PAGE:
Jun 16, 2017

Top Tips for Encouraging Your Kids to Brush Their Teeth

Image Credit:Pexels


Just like eating healthy food, being active and going to bed on time, brushing teeth properly is an activity that kids often resist. However, it is one that can't be ignored. Brushing properly doesn't just benefit children when they're young, but sets the stage for a lifetime of healthy habits, good oral hygiene and keeping other health problems at bay. If your children are giving you a hard time every night when it comes to cleaning their teeth, it can be extremely frustrating. Here are my top tips for making it a much more bearable time of day!


Model Good Behavior

Kids often do as they see rather than what they are told, so set a good example for them by treating brushing your teeth as a fun activity, rather than a chore. Try brushing your teeth with them, showing them the right way and being excited about it. They won’t want to miss out when they see how much fun you are having. 

Make It Fun 

Sometimes the problem could be your child's natural aversion to being forced to do something that they perceive as a chore, rather than fun activity. To fix this, make brushing fun! Try bringing a stuffed animal into the bathroom to brush with them, timing brushing with a song or an egg timer, or making the brushing into a contest. Celebrate when they're done, and be sure to compliment them on what a great job they did!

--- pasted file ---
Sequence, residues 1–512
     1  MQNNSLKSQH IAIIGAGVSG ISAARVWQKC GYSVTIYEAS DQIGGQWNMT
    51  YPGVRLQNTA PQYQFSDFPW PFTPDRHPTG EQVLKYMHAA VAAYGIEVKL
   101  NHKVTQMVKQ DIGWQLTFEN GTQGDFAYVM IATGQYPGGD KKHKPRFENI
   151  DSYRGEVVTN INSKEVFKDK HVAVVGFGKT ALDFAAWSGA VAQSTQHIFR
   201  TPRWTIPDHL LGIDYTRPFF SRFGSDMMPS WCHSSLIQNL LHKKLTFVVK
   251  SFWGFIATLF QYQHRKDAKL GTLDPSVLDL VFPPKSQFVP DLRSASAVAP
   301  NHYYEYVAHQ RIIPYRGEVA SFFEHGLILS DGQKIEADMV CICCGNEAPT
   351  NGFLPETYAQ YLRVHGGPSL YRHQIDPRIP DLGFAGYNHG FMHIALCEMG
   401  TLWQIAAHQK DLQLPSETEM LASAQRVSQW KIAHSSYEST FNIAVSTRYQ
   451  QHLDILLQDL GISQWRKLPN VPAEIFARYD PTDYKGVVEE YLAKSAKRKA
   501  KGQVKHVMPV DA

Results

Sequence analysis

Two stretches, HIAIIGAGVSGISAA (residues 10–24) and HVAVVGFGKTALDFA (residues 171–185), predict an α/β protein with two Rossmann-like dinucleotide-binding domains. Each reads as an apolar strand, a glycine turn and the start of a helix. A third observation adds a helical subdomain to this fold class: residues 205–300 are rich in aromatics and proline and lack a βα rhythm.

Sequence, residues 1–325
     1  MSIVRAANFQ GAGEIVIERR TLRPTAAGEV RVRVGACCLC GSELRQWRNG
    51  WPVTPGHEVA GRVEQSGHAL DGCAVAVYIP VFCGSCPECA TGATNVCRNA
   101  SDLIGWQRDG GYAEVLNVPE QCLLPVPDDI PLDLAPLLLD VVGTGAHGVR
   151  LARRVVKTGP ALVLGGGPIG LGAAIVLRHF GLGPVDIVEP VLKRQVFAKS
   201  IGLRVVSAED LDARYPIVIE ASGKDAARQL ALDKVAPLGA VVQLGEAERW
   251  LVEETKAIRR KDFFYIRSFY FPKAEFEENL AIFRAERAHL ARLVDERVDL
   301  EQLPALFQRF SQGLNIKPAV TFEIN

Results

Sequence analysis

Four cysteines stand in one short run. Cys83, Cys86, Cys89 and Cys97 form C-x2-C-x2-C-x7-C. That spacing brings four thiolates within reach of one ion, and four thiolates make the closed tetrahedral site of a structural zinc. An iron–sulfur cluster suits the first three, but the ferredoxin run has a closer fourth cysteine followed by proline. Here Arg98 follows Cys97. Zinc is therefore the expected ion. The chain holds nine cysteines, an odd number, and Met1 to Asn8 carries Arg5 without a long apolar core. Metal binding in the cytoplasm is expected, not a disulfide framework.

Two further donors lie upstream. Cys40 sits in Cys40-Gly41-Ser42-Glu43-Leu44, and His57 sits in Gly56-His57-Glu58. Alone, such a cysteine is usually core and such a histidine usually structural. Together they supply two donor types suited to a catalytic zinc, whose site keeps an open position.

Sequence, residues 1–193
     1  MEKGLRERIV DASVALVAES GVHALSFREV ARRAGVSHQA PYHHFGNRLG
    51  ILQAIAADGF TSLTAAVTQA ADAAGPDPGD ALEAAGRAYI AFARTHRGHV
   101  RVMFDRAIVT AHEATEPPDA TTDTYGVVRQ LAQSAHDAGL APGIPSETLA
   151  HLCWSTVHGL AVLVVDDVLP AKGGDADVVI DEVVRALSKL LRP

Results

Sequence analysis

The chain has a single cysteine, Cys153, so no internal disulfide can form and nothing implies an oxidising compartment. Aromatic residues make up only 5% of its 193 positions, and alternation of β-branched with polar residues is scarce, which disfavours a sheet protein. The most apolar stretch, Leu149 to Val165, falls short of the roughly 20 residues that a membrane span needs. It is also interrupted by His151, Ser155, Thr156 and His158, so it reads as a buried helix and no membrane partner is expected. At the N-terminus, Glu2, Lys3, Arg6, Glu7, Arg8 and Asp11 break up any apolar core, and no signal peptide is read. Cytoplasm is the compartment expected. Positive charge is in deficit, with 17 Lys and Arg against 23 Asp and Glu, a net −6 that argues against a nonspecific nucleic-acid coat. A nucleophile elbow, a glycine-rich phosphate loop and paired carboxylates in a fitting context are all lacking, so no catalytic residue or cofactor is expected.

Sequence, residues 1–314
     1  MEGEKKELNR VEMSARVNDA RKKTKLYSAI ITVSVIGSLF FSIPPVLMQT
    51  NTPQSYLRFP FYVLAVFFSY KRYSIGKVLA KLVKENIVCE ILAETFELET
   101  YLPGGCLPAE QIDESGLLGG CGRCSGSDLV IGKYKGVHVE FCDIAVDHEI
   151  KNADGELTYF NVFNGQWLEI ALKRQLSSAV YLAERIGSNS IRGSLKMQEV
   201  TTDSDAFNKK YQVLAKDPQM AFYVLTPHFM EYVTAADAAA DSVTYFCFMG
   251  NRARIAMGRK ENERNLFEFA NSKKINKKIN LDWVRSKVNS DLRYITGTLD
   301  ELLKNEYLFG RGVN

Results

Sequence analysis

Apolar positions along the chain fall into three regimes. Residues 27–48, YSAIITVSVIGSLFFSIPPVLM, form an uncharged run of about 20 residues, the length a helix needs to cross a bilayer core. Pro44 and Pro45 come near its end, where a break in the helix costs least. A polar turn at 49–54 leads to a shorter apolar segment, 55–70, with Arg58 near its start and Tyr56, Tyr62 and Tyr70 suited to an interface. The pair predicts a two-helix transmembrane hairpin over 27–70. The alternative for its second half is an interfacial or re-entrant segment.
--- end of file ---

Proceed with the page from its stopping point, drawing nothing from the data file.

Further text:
Image Credit:Pexels


Take them to the dentist

If you are finding that you are really up against it, book an appointment with a dentist, such as owensdds.com. Give them a heads up that you are struggling to get across the message of how important this is, and while they are giving them a checkup, they may be able to give them a lesson in good oral health. A lot of the time, kids are more enthusiastic when listening to a professional than their own parents!

Try a plaque disclosing tablet

These are tablets that you chew, which can usually be found in pharmacies or at your dentist. The agent then reacts by turning pink, or another color, anywhere there is plaque. The color shows kids the need to brush and lets them know when they are doing a good job brushing, as well as indicating areas that need more attention.

Give them a choice

Let your children choose things like the color of their toothbrush, the brand, or flavor of their toothpaste. Giving kids a choice invests them in the process and makes them feel like they have some control over the situation.

Get Messy 

There's no way around it—children love messes. In this case, that can work for you. When kids are brushing well, the toothpaste bubbles up and foams. The more foam, the better. Encourage your kids to brush in a way that makes lots of bubbles. Having to clean up afterward is a small price to pay for the lifetime of good oral health that you are encouraging.